Buried in Chief Rabbi Ephraim Mirvis’s dismissal as a ‘mendacious fiction’ of the Labour Party’s claim that it is ‘doing everything’ it can to tackle anti-Jewish racism in its ranks, are some mendacious fictions of his own. Take his protestation that ‘we have endured quibbling and prevarication over whether the party should adopt the most widely accepted definition of anti-Semitism.’ The definition that he refers to is that offered by the International Holocaust Remembrance Alliance. Labour faced criticism from some Jewish groups after it adopted the definition, but left out one of the eleven examples that followed it, which said that it would be antisemitic to claim ‘that the existence of a State of Israel is a racist endeavor’.
Cast your mind back to July 2018, when the Jewish Chronicle, Jewish News and Jewish Telegraph attacked the Party’s decision not to adopt the definition in full. In that month, the Israeli Knesset passed a Basic Law explicitly declaring Israel to be a Jewish state and restricting the right of national self-determination in Israel to the Jewish people. In response, an editorial in the liberal Israeli newspaper Ha’aretz branded Benjamin Netanyahu ‘the apartheid prime minister’ and critical Israelis such as Daniel Barenboim had no difficulty describing the law as ‘racist’. Yet the example in question in the IHRA’s definition would have us brand these voices anti-Semitic. Mirvis’s ‘widely accepted definition’ might not command full assent even in Israel. You might say that the example does not preclude a criticism of the actually existing State of Israel as racist, only the more extreme position whereby a (i.e. any) State of Israel would be considered racist. But here it would seem that it is the very ambiguity of the definition that invites ‘quibbling and prevarication’. Indeed this is why Geoffrey Robertson, QC, argued in an independent opinion that the definition was ‘not fit for any purpose that seeks to use it as an adjudicative standard’ on account of being ‘imprecise, confusing and open to misinterpretation and even manipulation’.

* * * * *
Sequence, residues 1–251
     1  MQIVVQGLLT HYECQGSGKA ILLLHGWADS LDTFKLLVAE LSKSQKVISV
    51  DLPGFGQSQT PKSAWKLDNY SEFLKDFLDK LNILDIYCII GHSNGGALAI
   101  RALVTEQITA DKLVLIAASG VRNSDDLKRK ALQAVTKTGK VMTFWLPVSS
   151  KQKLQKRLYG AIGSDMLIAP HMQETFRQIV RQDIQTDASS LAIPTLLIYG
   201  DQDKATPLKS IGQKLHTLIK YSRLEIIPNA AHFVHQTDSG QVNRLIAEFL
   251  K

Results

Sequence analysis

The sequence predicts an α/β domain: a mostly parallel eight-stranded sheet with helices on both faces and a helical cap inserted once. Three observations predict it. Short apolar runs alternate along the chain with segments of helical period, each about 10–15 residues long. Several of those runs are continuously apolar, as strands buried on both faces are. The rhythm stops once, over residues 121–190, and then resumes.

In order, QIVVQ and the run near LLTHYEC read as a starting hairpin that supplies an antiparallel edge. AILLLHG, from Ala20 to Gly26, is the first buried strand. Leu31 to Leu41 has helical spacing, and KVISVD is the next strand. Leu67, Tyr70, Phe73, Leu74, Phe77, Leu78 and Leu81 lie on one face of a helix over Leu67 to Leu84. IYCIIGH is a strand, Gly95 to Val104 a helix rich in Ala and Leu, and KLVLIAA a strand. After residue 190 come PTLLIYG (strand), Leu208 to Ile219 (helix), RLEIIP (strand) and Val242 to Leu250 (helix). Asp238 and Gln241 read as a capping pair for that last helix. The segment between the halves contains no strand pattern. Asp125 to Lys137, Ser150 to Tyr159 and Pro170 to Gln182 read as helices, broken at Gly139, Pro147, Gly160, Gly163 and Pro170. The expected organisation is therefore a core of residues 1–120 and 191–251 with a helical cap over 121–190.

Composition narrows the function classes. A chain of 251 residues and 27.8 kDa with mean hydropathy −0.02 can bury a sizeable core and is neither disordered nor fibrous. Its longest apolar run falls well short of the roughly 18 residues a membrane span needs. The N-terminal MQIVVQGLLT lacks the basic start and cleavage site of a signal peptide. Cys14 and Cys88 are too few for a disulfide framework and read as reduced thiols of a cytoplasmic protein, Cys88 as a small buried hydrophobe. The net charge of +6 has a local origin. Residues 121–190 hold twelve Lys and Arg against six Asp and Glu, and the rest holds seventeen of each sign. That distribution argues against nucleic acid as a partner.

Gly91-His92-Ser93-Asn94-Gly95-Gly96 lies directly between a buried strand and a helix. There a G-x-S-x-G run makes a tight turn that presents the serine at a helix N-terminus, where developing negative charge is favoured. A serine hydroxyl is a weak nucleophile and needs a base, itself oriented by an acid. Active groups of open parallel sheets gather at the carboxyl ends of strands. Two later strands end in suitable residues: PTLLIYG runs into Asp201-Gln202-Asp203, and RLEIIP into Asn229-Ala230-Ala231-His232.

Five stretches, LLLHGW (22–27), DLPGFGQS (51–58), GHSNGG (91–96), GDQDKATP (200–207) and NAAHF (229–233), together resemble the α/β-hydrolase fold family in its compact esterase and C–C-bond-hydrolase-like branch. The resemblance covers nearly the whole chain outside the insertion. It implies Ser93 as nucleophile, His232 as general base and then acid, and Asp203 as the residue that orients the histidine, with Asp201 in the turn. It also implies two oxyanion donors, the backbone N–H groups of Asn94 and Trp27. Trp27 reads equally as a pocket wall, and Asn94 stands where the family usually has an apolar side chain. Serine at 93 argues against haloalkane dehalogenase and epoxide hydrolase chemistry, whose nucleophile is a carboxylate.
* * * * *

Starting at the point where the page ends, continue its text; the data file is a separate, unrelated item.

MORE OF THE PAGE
TDOT’s Rahul delivers the fifth post in our symposium on Jasbir Puar’s The Right to Maim. Previous posts in the symposium can be found here.
Over the past few months, I have been intrigued by media reports of the imminent arrival of something called ‘Day Zero’ in the city of Cape Town. The term refers to the day when water in the city’s reservoirs is projected to fall below 13.5% of capacity, as a result of three successive years of poor rainfall. On this day, the city’s municipal taps will be switched off, forcing its four million inhabitants to line up for a daily water ration of twenty five litres at designated collection points. As rain has fallen, the day has been pushed back, from April to May to June to July, and now to 2019. Global media interest in this story has been suffused with a kind of horrified fascination with Cape Town’s predicament as a harbinger of ‘our’ collective future. While it is possible that the discourse of municipal emergency has engendered a consciousness of the finitude of water and a culture of conservation among Capetonians, there is something vaguely troubling about the register of exceptionalism in which the story has been reported and about the very framing of Day Zero as spectre of an unprecedented apocalyptic future. Even at the height of the crisis, this second whitest of South African cities has enjoyed something that many cities in the global South do not: a round the clock supply of domestic water. For millions of inhabitants of the world’s slums, where a single tap may be shared by thousands of people and where life itself is temporally organised around the vagaries of an erratic municipal water supply, many days are already Day Zero.